|This article relies largely or entirely upon a single source. (August 2011)|
|Single by Son House|
|from the album The Legendary Son House: Father of Folk Blues|
|Recorded||April 12, 1965,
|Producer(s)||John Hammond, Sr.|
"Death Letter", also known as "Death Letter Blues", is the signature song of the Delta blues musician Son House. It is structured upon House's earlier recording "My Black Mama, Part 2" from 1930. House's 1965 performance was on a metal-bodied National resonator guitar using a copper slide.
One commentator noted that it is "one of the most anguished and emotionally stunning laments in the Delta blues œuvre."
Lyrically, the song is about a man who learns of the death of the woman he loves through a letter delivered to him early in the morning. The narrator later views her body on the cooling board at the morgue, attends her funeral, and returns to his home in a state of depression.
House's lyrics draw from traditional sources. Other blues musicians recorded related songs, including Lead Belly ("Death Letter Blues"), Ishman Bracey ("Trouble Hearted Blues"), Ida Cox ("Death Letter Blues"), Robert Wilkins ("Nashville Stonewall") and Blind Willie McTell ("On The Cooling Board").
Folk revival performances
"Death Letter" was the centerpiece of Son House's live performances during the blues revival of the 1960s. House often altered the tempo and lyrics for different performances of "Death Letter", occasionally playing the song more than once during the same concert. Some renditions exceeded fifteen minutes in length.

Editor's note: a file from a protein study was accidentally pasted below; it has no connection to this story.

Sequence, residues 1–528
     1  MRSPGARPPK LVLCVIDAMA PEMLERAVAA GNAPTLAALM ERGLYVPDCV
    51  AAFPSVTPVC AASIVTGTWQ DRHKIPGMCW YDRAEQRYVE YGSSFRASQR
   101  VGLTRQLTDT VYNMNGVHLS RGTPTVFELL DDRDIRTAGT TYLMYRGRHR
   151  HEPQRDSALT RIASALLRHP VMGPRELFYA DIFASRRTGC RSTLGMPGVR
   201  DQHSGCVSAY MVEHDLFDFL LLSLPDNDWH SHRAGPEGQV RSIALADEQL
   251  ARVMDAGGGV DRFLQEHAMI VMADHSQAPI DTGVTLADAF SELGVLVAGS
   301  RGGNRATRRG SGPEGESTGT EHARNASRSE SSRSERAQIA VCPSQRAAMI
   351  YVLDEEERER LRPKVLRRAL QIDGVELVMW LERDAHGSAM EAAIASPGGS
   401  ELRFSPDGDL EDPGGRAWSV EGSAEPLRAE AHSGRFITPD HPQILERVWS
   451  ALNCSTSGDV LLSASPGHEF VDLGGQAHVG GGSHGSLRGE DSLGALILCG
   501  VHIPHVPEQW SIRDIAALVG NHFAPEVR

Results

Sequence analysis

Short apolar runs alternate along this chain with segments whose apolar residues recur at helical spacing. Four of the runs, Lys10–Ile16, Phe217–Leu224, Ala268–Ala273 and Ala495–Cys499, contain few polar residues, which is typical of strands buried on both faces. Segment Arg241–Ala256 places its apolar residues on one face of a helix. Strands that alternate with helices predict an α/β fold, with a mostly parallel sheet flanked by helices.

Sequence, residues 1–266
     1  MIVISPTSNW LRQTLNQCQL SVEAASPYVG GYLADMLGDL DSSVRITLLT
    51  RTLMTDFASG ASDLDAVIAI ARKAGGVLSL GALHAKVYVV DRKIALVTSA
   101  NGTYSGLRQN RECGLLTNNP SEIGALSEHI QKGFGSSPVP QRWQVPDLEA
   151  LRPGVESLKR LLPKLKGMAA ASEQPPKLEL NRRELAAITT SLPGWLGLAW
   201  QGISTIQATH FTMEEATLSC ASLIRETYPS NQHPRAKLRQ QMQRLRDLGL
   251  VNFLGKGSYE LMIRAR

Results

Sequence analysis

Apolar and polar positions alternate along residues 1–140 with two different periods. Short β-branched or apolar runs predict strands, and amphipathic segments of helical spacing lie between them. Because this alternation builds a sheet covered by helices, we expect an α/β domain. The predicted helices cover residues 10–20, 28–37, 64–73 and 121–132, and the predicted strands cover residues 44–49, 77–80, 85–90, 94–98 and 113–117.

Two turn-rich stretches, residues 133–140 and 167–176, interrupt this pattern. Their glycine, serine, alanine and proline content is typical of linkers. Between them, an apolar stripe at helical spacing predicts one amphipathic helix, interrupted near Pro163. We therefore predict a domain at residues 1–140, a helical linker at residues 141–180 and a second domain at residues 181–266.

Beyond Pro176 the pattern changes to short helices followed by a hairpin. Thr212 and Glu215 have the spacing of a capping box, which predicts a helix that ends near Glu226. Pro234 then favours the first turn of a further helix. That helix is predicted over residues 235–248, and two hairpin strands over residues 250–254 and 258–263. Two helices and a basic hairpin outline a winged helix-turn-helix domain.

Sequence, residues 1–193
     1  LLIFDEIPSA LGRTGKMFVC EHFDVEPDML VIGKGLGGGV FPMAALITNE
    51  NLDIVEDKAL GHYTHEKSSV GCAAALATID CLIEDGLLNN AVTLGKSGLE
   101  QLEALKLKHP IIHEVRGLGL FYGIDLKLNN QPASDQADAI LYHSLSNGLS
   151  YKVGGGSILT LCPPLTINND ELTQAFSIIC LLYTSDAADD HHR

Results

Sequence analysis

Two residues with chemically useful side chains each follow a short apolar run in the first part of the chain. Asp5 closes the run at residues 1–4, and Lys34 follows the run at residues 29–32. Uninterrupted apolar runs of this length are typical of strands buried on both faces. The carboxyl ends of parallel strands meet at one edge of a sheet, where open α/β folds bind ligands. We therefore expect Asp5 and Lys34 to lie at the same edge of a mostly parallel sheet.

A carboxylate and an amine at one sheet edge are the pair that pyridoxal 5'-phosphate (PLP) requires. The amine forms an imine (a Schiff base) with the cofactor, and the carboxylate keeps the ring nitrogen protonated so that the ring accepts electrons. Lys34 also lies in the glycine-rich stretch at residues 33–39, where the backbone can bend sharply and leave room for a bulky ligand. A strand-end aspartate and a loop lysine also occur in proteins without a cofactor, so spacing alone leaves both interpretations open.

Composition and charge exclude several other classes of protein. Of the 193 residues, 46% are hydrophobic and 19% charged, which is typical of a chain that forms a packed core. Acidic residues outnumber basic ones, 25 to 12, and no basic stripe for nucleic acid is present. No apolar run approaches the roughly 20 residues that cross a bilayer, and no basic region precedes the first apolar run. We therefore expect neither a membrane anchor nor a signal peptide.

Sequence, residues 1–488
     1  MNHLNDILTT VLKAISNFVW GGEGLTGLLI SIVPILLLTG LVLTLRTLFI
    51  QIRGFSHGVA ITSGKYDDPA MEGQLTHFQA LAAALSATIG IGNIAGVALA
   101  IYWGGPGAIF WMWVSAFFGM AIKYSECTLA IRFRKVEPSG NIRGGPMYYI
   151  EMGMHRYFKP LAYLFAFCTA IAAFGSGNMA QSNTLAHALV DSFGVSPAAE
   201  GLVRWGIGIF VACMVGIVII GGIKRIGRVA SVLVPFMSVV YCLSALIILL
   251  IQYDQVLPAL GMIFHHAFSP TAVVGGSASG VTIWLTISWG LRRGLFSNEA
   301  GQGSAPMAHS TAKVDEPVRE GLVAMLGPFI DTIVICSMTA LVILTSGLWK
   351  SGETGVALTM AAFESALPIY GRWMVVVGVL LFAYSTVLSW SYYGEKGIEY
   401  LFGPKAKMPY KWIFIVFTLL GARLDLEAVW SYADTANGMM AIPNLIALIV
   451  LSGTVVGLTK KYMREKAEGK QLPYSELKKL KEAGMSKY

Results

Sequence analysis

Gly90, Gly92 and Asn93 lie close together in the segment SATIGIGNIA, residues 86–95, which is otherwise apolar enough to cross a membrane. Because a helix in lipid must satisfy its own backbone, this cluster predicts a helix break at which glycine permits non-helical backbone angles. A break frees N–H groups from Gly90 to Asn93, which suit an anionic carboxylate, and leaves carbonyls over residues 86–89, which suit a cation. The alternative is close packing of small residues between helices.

The song has been reworked by other major bluesmen. Skip James reworked the music and lyrics into his song "Special Rider Blues". Avant-garde blues artist Jandek reworked a verse from "Death Letter" into his song "I Went Outside". Muddy Waters's closely related song about the same subject is "Burying Ground". Captain Beefheart worked an extensive reference to it into "I Feel Like Ahcid" on Strictly Personal.
"Death Letter" has been recorded by several popular musicians, including The Blues Band, Grateful Dead, John Mellencamp, Chris Thomas King, David Johansen, Tony McPhee, The Derek Trucks Band, The White Stripes and The Tallest Man on Earth. The White Stripes performed part of the song live at the 2004 Grammy Awards. The song has also been given a hardcore punk makeover by Canadian punk rock band Eamon McGrath & The Wild Dogs. It was also featured in the 2005 horror/suspense film The Skeleton Key. The song has also been recorded by Diamanda Galás, Cassandra Wilson, James Blood Ulmer, Preacher Boy, Gov't Mule, and Geoff Muldaur.